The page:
Thankfully, we still have 'Nixon' to kick around
When I was in college, I hated Richard Nixon. Everyone I knew (except perhaps my father) hated Richard Nixon. My perspective was as a politically engaged undergraduate at U.C. Berkeley during the war in Vietnam — holding a low draft number.
I gradually stopped hating Nixon. But it wasn’t until Oct. 22, 1987, in the company of bejeweled and Stetson-topped Texans, that I began to understand why. Houston Grand Opera had commissioned John Adams’ “Nixon in China” to celebrate the opening of a new opera house.
The “Nixon” premiere was a milestone in American opera, instigating what the New York press pejoratively dubbed “CNN Opera.” As a subject for books, plays and films, Nixon, who died in 1994, remains ever fascinating. China, of course, has been ever on our minds.
But now “Nixon” is back and big time. On March 13, Vancouver Opera will unveil a new production, as part of the Canadian city’s lingering 2010 Cultural Olympiad. The following Saturday, Long Beach Opera will present a different new production at Terrace Theater, the first Southern California staging of the opera since Los Angeles Opera’s in 1990. Last month, week, the Metropolitan Opera announced that it has invited Peter Sellars to re-create his “Nixon” production in New York next season, and the composer will conduct.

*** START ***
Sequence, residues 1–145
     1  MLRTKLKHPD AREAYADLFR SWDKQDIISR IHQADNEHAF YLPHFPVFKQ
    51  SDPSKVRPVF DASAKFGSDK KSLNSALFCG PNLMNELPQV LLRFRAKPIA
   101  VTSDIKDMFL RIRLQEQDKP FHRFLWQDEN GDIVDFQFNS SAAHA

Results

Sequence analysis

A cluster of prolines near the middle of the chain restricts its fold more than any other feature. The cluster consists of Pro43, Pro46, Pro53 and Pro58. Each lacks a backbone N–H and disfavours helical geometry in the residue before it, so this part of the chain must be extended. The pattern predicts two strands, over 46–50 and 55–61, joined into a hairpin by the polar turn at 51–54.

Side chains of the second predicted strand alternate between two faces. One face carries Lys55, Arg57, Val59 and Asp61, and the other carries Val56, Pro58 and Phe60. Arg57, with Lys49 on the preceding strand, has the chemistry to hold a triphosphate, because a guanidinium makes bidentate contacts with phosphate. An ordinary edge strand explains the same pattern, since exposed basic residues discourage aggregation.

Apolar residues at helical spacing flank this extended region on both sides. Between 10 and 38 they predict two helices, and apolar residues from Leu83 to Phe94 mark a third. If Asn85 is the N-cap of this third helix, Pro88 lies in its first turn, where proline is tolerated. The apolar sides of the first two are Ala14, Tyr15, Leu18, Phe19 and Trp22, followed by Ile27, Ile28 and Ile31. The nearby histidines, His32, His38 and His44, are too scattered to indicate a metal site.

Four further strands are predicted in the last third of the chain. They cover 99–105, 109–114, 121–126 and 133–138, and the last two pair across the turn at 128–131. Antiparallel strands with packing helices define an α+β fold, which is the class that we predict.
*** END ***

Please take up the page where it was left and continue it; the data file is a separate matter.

Despite its neglect by major opera companies over the past two decades, “Nixon in China” now comes to us as a classic. The opera remains as topical as ever, but the world has changed.
To read my assessment in Sunday's Arts & Books section of how prescient and relevant this work is, click here.
Photo: John Duykers as Mao Tse-tung, 1990. Credit: Gary Friedman / Los Angeles Times